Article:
Sloped garden design ideas

5 design ideas for sloped gardens

Gradients can offer an opportunity to add visual interest

By Hugh Metcalf | 30 July 2021

A gradient may seem like a challenge to landscape, but these sloped garden ideas show how creative landscaping, structural work and planting can deliver an impactful outdoor space.

‘A slope can be an opportunity to create visual interest in the level changes,’ says James Scott, MD of The Garden Company. ‘A flight of steps can meander and lead to a feature on the upper level rather than just running straight up and down, while vertical spaces between the levels can be used for a water feature or a piece of art as well as planting.’

Here are five ways to celebrate the gradient.

1. Biophilic stairs

The upper level of this garden in Primrose Hill, north London, already had a well established semi-exotic scheme. To complement a new basement extension by Ben Adams Architects, FFLO drew the qualities of this planting down the sloping garden and into view from the new floor below. Plants weave through the slatted laser-cut Corten steel stairs. In front of the slope is a brushed-concrete terrace, and the retaining walls on either side consist of board-marked and bush-hammered concrete.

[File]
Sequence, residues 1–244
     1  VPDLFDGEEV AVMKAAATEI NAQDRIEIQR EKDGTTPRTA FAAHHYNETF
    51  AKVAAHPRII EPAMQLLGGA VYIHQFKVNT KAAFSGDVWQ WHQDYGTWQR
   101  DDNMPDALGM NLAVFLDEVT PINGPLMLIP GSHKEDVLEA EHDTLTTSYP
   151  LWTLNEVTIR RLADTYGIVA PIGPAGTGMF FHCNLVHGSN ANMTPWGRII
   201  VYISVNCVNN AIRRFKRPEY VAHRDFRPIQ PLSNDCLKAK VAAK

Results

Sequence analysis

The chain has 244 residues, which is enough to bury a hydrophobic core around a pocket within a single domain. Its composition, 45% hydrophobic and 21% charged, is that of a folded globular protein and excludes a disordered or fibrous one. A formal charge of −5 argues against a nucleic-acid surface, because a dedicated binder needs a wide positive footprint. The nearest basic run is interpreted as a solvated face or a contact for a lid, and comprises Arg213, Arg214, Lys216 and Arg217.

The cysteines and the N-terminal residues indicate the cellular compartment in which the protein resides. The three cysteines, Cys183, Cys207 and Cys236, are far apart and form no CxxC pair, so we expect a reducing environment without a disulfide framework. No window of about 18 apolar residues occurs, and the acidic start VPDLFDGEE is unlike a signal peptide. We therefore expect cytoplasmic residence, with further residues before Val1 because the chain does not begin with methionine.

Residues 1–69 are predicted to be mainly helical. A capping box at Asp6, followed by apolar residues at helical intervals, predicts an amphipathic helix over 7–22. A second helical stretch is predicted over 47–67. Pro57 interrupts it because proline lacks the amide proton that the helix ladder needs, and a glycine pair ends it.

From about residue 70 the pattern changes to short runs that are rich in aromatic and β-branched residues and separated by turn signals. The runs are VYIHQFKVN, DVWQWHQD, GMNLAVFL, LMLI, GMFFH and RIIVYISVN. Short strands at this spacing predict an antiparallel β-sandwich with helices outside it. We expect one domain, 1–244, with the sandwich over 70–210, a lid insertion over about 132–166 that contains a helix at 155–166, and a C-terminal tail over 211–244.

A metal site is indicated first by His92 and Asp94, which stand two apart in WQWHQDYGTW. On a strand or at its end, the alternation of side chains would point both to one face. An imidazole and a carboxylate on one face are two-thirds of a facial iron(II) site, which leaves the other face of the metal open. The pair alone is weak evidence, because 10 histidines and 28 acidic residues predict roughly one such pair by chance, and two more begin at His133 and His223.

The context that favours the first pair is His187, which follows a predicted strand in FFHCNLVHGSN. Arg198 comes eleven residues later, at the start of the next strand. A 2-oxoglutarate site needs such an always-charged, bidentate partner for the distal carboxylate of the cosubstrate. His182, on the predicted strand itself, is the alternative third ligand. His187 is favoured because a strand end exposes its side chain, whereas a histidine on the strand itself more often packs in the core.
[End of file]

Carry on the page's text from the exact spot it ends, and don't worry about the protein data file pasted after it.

sloped garden with metal floating steps - home improvements - grand designs

Plants weave through the Corten steel stairs. Photo: Joe Sanders

2. Textured tiers

This large self-build project in Richmond, south west London, which featured on Grand Designs in 2018, saw homeowners work with Landart UK on a sloped garden design with hypoallergenic qualities. The family has an array of allergies, including asthma. The tiered planting scheme includes plants pollinated by insects rather than wind, such as hydrangea and lavender, to keep airborne pollen to a minimum. Interest is added with textures of stone, and logs for the Ecodesign woodburner.

garden on a gradient with stairs and planters - home improvements - grand designs

Plants pollinated by insects rather than wind keep airborne pollen to a minimum. Photo: David Giles